Oliver Godfrey was a motorcycle racer who was the very first winner of the Isle of Man Mountain Course TT in 1911 at the age of 23. In 1912 the Senior TT winner was Frank Applebee. The two men became partners, establishing a motorcycle retailers at 208 Great Portland Street, London, called Godfreys.
At the outbreak of the First World War, Oliver Godfrey enlisted to become a pilot. Following his training he was posted to 27 Squadron of the Royal Flying Corps which had arrived in France in March 1916. The squadron was equipped exclusively with single-seater fighter scouts called the Martinsyde “Elephant” G100. The plane was nick-named the Elephant because it was big and slow to respond. The squadron was deployed on missions up and down the western front to bomb and reconnoiter.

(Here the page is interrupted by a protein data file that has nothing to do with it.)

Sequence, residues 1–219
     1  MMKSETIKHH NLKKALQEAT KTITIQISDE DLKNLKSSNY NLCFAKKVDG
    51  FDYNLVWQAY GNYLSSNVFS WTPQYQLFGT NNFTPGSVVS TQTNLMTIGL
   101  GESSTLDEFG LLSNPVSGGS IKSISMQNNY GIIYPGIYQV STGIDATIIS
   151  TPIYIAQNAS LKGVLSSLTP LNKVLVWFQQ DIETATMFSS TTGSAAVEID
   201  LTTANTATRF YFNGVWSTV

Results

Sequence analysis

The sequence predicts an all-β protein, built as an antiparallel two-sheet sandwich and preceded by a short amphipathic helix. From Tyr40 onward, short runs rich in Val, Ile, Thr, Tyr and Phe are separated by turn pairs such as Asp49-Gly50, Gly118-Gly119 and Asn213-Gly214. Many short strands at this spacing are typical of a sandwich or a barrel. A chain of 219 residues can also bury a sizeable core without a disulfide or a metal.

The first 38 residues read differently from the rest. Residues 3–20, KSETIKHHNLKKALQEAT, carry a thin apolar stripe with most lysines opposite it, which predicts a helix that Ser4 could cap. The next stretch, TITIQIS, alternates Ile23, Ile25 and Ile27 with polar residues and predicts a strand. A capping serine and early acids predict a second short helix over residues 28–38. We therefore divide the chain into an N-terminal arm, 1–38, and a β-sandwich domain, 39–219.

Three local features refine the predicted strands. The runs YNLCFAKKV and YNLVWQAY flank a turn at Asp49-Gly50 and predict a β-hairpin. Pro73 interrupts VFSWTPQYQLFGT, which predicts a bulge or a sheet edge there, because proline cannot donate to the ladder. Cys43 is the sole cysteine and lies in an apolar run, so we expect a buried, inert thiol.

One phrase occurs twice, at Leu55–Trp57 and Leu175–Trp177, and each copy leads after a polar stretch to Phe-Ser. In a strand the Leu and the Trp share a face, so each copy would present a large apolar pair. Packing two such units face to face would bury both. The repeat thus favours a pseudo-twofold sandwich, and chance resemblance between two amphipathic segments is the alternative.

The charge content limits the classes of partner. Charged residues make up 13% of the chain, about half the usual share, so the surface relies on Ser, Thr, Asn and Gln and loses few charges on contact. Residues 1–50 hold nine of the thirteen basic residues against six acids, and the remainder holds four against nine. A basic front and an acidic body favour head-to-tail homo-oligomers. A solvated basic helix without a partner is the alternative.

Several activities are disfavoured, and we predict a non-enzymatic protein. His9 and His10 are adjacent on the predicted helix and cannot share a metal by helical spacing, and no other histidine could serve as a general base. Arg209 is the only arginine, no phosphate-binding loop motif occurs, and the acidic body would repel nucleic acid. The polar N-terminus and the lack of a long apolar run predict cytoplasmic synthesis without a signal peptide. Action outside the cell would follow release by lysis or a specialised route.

The start of the Third Battle of the Somme on 15th September saw the squadron attack General von Bulow’s headquarters at Bourlon Chateau, followed by more bombing of trains around Cambrai, at Ephy, and Ribecourt. It was during a bombing mission to Cambrai on 23rd September that Oliver Godfrey lost his life. Godfrey was one of 252 crew and 800 planes lost during this four month campaign; the Royal Flying Corps losing some 75% of its men in battle.
Godfrey’s entire estate was bequeathed to his business partner Frank Applebee. The Godfreys store continued and in 1945 was incorporated as a limited company.
The business expanded, adding outlets in Croydon and Stamford Hill in north London. Godfreys Ltd continued trading until the 1960s.
From the 1950s onwards, Godfreys favoured handstamped overprints rather than the pre-printed ones of the King George V period.